|Photo modified from
FishBase. 1998. FishBase 98 CD-ROM. ICLARM, Manila.
The Portuguese shark has a
stout body with two small dorsal fins that have inconspicuous spines at their
origins. The second dorsal fin is larger than the first although they are both
relatively small in comparison to the size of the shark. The upper teeth of
this shark are long, pointed and have a smooth edge. The teeth in the lower jaw
are short and broad. The colouration of this species varies with the age of the
individual. Adults are brown while individuals that are half grown are black,
and juveniles are dark blue. This shark reaches a maximum size of 1.2 meters (4
feet). Dermal denticles in the young and juveniles have three points and are
widely spaced, while adults have dermal denticles that are large, scale-like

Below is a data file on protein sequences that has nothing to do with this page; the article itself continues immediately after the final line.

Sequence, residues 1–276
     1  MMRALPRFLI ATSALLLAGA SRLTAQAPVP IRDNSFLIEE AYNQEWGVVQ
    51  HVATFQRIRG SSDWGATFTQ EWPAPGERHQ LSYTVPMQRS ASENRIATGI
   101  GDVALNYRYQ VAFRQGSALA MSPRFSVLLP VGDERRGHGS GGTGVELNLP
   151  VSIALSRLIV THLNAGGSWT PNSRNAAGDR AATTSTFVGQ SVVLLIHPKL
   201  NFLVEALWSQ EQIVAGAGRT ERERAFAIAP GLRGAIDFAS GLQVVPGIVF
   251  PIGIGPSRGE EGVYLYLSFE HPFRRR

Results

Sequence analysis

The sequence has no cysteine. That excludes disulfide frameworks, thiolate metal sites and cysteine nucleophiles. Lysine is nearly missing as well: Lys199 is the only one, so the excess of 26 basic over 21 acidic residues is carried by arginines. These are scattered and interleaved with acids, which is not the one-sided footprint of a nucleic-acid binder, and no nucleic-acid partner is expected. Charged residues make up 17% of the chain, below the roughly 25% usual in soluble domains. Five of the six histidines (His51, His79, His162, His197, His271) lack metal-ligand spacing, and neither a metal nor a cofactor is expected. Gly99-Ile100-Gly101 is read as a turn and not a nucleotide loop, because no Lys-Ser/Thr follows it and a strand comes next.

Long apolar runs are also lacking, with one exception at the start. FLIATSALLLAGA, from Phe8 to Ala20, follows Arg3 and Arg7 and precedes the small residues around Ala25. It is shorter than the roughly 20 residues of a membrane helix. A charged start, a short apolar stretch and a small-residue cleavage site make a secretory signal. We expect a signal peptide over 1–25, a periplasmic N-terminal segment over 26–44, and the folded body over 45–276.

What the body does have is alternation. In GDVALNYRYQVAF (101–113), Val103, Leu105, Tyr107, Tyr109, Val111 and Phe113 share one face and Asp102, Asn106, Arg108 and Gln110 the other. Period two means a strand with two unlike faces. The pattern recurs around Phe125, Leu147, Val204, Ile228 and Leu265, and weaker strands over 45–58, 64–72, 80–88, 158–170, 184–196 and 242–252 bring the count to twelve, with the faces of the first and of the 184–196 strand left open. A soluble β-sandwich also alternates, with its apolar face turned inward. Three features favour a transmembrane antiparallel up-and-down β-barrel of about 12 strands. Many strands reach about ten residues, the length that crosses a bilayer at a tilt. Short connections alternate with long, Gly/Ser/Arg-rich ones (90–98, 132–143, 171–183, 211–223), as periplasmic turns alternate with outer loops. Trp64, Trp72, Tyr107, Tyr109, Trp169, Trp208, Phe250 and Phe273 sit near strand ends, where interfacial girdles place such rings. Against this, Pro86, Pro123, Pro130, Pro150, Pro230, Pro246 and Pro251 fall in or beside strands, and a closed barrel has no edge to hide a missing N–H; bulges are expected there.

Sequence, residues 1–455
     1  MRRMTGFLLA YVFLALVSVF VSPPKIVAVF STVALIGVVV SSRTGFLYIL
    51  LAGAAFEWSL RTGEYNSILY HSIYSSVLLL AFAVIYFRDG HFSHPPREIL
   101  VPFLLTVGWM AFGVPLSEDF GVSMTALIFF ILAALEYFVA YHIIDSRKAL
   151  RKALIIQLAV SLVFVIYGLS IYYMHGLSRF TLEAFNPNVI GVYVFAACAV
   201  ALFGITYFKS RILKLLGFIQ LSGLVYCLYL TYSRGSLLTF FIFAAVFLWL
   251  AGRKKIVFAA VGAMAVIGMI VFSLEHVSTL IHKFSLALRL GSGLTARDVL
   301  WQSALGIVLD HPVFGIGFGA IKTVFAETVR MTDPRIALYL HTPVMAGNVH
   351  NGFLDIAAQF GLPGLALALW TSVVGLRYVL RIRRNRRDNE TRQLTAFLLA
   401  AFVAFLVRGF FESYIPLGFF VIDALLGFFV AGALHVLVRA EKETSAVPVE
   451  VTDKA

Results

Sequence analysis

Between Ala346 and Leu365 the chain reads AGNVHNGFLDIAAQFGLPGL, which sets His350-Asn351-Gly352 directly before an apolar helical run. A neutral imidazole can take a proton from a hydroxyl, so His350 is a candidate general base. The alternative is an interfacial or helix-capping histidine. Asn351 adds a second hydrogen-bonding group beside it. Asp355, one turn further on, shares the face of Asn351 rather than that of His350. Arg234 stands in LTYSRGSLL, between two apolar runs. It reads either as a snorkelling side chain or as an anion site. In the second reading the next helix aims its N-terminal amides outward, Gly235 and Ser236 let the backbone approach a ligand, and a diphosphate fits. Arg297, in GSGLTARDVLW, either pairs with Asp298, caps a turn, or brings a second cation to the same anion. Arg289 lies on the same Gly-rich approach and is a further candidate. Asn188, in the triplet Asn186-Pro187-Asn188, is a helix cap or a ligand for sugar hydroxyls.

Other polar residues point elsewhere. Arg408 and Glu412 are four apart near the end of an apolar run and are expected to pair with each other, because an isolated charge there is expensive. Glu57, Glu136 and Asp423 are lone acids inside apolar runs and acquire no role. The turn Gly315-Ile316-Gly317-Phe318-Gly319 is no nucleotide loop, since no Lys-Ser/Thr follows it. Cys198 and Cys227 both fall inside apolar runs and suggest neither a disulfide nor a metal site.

and closely overlapped.
The diet of the Portuguese
shark consists of squid and bottom dwelling fishes. Marine mammal skin and
muscle have also been found in stomachs, but it is not clear if mammals are
part of their regular diet.
Development in this shark
is ovovivparous and litters are usually 13 to 16 pups. When the young are born
they are generally 27 to 30 cm (11 to 12 inches) in length.
This shark lives in very
deep waters with most captures being at depths greater than 910 meters (3000
feet). However they have also been caught at depths of 2700 meters (8920 feet).
The temperature of water in which these sharks are found is between 5 and 6
The Portuguese shark is
present in both the western and eastern North Atlantic. It also occurs in the
western Mediterranean, in Japanese waters and in the Pacific off New Zealand.
In the western North Atlantic this shark ranges from the Grand Banks to
Delaware Bay. There are reports that the Portuguese shark occurs on the Scotian
Shelf (specifically Banquereau Bank) and Georges Bank.
- Colouration: juveniles are dark blue,
half grown individuals are black and adults are brown
- No anal fin
- Inconspicuous dorsal fin
- Teeth with single cusp; upper teeth long
and pointed, lower teeth short, broad and strongly oblique
- Large, scale-like dermal